African music legend Salif Keita has called for more protection of people with albinism, as Tanzania begins campaigns for General Election, with fears growing over a possible rise in witchcraft attacks.
“It is completely unacceptable for humans to sacrifice other human beings, it comes from ignorance,” the Malian musician, himself an albino, told AFP in an interview during his visit to East Africa.
“Albinos are born, they grow up just like everyone else. It is unacceptable to attack them.”
Rights groups have warned of the risk of a rise in attacks against albinos in Tanzania, which has just begun campaigns for civic, parliamentary and presidential elections on October 25.
Some politicians have been accused of buying body parts of albinos for witchcraft and purported lucky charms.
At least 76 albinos in Tanzania have been murdered since 2000, with their dismembered body parts selling for around $600 (528 euros) and entire bodies fetching $75,000, according to United Nations experts.
Dozens more have survived having parts of their bodies hacked off.
Mr Keita said he hoped that by speaking out, and by playing his world-acclaimed music, he could send a message to stop the attacks, which often target children.
“When people hear me on the microphone and see me on the camera, that has an impact, because I show that I am a complete human being, just like everyone else,” Keita said, adding: “Just like every human, albinos need to be loved, and seen as normal people.”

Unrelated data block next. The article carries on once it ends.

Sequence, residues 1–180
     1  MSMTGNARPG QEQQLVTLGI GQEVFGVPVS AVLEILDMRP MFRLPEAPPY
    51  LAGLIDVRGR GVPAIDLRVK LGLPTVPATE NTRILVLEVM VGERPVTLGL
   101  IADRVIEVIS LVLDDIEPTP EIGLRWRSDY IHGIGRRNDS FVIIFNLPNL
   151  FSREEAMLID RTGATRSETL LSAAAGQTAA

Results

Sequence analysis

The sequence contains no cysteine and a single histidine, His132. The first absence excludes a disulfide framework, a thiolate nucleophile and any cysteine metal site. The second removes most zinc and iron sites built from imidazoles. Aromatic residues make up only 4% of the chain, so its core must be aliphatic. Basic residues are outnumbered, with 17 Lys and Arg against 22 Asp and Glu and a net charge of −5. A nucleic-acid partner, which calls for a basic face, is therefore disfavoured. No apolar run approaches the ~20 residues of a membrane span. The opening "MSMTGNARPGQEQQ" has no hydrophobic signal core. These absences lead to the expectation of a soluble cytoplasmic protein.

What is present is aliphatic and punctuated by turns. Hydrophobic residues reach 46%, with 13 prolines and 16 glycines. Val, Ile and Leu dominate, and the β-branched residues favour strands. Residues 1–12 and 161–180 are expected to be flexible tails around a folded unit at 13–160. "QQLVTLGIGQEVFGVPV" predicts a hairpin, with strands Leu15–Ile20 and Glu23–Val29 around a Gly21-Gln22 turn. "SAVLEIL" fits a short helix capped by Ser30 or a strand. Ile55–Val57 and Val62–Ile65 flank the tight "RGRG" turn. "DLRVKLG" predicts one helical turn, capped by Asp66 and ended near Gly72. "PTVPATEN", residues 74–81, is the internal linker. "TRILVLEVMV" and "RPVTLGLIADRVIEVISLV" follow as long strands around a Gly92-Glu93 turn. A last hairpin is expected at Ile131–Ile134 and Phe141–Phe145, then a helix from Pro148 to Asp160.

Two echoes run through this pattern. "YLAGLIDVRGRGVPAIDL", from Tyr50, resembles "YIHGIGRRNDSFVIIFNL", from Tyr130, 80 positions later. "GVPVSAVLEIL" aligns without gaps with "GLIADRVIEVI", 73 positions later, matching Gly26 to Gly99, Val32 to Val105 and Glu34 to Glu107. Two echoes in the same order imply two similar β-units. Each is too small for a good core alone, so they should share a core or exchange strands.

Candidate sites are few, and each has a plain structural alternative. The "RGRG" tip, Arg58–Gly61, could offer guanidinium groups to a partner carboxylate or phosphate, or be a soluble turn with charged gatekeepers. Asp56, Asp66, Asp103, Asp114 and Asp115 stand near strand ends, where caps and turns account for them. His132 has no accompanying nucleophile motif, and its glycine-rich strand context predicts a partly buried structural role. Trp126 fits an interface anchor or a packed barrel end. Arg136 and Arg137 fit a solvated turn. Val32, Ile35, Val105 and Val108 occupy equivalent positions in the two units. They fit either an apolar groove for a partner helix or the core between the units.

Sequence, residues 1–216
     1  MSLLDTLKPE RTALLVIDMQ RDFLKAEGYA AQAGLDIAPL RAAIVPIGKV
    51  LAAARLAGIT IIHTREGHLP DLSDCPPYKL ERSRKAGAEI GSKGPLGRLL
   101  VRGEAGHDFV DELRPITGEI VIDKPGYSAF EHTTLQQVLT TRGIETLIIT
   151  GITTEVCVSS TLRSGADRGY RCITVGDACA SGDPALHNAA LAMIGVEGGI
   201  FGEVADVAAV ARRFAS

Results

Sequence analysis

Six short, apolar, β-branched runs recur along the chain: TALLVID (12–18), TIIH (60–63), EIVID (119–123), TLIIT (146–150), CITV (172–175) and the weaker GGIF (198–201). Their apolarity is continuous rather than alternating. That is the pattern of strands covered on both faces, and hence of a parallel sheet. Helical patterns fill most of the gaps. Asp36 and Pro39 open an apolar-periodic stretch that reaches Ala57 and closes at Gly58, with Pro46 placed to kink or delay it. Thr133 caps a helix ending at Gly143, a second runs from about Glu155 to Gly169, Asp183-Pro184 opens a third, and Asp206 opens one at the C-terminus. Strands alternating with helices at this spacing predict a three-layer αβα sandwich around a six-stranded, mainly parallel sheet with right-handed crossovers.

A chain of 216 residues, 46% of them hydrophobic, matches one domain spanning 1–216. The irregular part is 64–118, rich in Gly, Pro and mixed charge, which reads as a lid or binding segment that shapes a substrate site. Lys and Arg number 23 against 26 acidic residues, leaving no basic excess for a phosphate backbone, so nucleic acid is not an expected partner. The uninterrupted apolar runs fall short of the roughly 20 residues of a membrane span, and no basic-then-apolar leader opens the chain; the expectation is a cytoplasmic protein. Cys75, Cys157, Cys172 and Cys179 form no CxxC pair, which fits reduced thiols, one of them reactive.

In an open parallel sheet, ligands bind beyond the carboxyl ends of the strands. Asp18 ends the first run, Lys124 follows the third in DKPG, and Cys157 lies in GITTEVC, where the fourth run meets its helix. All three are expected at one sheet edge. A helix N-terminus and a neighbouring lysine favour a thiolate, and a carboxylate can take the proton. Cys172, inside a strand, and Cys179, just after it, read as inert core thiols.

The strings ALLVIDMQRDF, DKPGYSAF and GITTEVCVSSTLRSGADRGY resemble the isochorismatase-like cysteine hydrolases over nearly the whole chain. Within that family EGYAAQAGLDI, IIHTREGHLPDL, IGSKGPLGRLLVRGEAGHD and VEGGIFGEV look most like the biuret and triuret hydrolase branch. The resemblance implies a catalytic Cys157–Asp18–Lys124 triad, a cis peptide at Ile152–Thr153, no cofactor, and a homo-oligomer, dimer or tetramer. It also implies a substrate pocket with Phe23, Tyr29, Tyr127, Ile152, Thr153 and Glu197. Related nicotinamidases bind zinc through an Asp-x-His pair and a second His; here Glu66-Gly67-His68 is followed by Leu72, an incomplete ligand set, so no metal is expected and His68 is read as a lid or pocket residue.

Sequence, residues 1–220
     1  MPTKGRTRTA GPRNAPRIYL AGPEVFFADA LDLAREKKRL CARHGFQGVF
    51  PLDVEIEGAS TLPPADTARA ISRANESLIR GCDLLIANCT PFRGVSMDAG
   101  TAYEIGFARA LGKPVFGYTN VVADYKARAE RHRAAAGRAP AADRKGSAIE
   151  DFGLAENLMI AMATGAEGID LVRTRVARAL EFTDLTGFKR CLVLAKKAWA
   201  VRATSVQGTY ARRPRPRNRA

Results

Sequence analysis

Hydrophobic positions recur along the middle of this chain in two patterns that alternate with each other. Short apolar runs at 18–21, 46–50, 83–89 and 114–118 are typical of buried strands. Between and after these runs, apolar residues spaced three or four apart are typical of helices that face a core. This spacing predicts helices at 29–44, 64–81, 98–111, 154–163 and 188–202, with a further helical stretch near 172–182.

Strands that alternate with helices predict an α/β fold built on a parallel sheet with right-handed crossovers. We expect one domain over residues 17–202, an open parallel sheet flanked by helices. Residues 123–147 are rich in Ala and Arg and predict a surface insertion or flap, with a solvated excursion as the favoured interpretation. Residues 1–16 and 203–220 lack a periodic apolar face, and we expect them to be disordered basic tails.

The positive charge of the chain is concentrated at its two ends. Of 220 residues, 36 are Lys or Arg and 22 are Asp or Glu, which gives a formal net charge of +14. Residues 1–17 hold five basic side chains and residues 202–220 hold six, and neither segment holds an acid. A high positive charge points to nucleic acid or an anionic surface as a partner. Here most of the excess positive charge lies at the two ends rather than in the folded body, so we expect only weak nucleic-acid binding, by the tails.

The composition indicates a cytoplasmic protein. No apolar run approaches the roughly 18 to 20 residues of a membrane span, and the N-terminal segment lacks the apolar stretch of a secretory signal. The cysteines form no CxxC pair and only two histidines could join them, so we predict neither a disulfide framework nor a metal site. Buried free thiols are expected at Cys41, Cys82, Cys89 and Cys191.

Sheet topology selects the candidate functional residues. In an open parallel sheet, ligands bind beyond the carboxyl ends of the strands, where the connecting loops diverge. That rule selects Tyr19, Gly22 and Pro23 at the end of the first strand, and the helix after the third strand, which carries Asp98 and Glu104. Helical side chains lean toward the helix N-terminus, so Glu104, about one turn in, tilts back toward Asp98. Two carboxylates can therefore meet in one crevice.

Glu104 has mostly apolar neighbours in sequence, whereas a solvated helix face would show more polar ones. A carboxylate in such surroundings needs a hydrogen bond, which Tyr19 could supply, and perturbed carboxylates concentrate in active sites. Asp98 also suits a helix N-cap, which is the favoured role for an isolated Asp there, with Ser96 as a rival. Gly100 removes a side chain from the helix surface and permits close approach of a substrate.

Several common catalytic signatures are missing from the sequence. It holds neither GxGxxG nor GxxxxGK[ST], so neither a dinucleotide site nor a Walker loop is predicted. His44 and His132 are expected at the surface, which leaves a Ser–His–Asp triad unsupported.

Keita was speaking in the Kenyan capital where he is to play a concert to raise money for a music foundation for a Nairobi slum, as part of Kenya’s Safaricom Jazz Festival.
His Afro-pop music, nominated for several world music awards, fuses both African and Western styles.
“I am proud to be an albino and I am proud to be who I am,” added Keita, who runs a campaign to support people with albinism.
“I work to promote acceptance and understanding of people with albinism.”
President Jakaya Kikwete said in March that attacks against people with albinism were “disgusting and a big embarrassment for the nation”.
But the problem is not confined to Tanzania alone.
Kenyan lawmaker Isaac Mwaura, who also has albinism, said Tanzanian gangs have carried out abductions in Kenya, and he looks after two children he rescued from attempted kidnappers.
“Africa has had a long history of racial discrimination, but we work to stop that,” said the MP as he met Keita, adding: “Albinos are black people with white skin.”
Albinism is a hereditary genetic condition which causes a total absence of pigmentation in the skin, hair and eyes.
As well as discrimination, associated risks include skin cancer—expensive sun creams are often difficult to obtain—as well as eyesight problems.